Perhaps the most influential film of Bergman’s early work, the one often cited as launching his international career, and certainly one of Woody Allen’s favourite films from the director he famously idolizes. The liberal and frank attitudes toward sex, nudity and its association with violence gained some notoriety in the day, but it's the enthralling dramatic arc of its rebellious lovers-on-the-run characters that resonates so strongly with today’s eyes.
Summer with Monika (1953) dir. Ingmar Bergman
Starring: Harriet Andersson, Lars Ekborg
By Alan Bacchus
Like Bergman’s previous Summer Interlude, we’re back in the Swedish archipelago summer vacation spot charting the course of a romantic adventure, which starts out as freewheeling love but devolves when reality crushes their naive dreams of romantic grandeur. While this is Swedish bleakness at its best, it's not the art house alienating kind like much of his mid- and late-career works.
Bergman begins with one of the quickest courtships in cinema history. Harry and Monika are underachieving teenagers, working dead-end jobs with no career prospects. They happen to sit near each other at a local café. It takes no longer than a minute of conversation before Monika asks Harry to run away with him. Monika is escaping her drunken father, who beats her at night, and the sexist ogling of her chauvinist male co-workers. As for Harry, he has a feeling of not fitting in, being ridiculed for dating the town 'slut' and an overall emasculation from his peers. This kind of teenager trauma bonds the two causing them to run away like Bonnie and Clyde.
It’s the start of a long emotional and adventurous journey, which takes them to the Swedish countryside, living an idealistic life off the grid and away from the evils of society. We see Monika and Harry frolicking in the nude, making love whenever they want and living a free life. Eventually, food runs out causing Monika to steal some at a rib roast – a wonderful scene not unlike Jean Valjean stealing his loaf of bread. Bergman has Monika stealing the meat from another vacationing family and running off into the woods eating it like a rabid starving animal. This scene dramatically begins the downfall of the couple. And when Monika gets pregnant they’re forced to move back to the city and assimilate back into the world they so greatly rebelled against.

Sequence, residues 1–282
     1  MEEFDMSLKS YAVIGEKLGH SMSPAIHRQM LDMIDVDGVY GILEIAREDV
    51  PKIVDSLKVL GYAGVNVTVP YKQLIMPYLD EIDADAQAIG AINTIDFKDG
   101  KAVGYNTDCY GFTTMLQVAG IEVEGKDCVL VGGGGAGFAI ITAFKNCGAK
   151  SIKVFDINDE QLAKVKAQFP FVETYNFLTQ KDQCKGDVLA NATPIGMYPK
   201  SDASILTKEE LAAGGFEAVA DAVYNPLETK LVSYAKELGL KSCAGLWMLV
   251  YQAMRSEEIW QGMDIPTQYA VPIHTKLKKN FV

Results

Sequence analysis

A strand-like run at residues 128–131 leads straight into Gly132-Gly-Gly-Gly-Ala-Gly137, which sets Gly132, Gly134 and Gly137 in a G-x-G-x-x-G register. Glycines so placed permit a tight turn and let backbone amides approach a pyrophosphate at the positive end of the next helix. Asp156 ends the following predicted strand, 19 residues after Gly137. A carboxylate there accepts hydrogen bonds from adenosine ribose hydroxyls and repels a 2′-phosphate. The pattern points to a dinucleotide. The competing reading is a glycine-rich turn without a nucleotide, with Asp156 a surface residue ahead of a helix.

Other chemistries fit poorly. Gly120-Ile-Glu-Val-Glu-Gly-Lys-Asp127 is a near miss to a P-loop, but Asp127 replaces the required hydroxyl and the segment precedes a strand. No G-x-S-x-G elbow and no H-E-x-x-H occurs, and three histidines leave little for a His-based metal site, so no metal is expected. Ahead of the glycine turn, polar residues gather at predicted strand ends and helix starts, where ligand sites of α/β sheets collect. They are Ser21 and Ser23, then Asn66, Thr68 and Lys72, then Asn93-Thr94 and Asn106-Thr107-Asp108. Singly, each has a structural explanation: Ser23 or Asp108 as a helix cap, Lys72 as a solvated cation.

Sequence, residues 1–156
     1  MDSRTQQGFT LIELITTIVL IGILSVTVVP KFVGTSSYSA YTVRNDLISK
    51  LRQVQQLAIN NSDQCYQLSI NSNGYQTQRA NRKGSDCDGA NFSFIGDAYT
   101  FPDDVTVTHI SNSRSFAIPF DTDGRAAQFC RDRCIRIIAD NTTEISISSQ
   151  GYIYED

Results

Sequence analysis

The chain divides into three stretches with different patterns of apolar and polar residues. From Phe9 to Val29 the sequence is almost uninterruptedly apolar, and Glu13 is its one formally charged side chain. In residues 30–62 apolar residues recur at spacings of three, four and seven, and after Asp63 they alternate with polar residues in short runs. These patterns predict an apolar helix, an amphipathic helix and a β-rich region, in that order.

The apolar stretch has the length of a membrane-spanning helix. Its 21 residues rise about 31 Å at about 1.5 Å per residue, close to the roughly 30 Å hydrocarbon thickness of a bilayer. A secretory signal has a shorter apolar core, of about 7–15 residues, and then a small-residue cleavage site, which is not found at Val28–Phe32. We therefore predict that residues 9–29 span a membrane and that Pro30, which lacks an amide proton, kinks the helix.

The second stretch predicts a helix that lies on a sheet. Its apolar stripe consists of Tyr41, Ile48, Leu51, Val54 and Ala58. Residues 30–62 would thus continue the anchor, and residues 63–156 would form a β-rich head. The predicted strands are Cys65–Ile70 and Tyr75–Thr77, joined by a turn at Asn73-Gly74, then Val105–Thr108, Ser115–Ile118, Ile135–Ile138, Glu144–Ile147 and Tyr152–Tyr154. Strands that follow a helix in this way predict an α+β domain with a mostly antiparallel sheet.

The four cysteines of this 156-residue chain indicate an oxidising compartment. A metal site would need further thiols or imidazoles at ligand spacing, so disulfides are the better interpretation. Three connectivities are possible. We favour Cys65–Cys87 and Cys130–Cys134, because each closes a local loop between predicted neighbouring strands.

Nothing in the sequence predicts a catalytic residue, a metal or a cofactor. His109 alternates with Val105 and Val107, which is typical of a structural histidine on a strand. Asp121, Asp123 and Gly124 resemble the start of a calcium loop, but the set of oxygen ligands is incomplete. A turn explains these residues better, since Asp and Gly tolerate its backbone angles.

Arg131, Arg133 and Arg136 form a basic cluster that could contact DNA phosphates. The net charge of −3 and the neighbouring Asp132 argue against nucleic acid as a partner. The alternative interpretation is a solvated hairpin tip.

There’s a strong influence on Terrence Malick’s Badlands and Days of Heaven in this film. They share the lovers-on-the-run theme for sure, but also the dreamy romantic idealistic view of life with a strong emphasis on nature, landscape and an untainted environment.
The flashes of nudity, tongue-kissing and frank references to sex are impossible to ignore. It helped make the film and Bergman a cause-celebre in the day. The film might also have some notoriety for having one of the worst fight scenes ever. It's the culmination of a territorial battle with a neighbouring camper. After catching his rival trashing Harry's boat, the two engage in a ridiculous slapping fight, which looks more like two dolphins flippering each other than violent fisticuffs.
Bergman take his characters to task in the third act by bringing them back to the city, which wonderfully bookends the opening act. New conflicts arise as they try to keep their new family together. Monika's dilemma is visualized with an amazing shot that breaks the fourth wall (a great Bergman moment). The scene involves Monika in a conversation with Harry in a cafe, at the end of which she turns toward the camera and stares right into it. It's not so much a gaze into the audience, but rather the effect of watching Monika looking into a mirror at herself as she contemplates her new life as a mother and adult. It's a shot nothing short of greatness and the mark of a new cinema master.
Summer With Monika is available on Blu-ray from The Criterion Collection.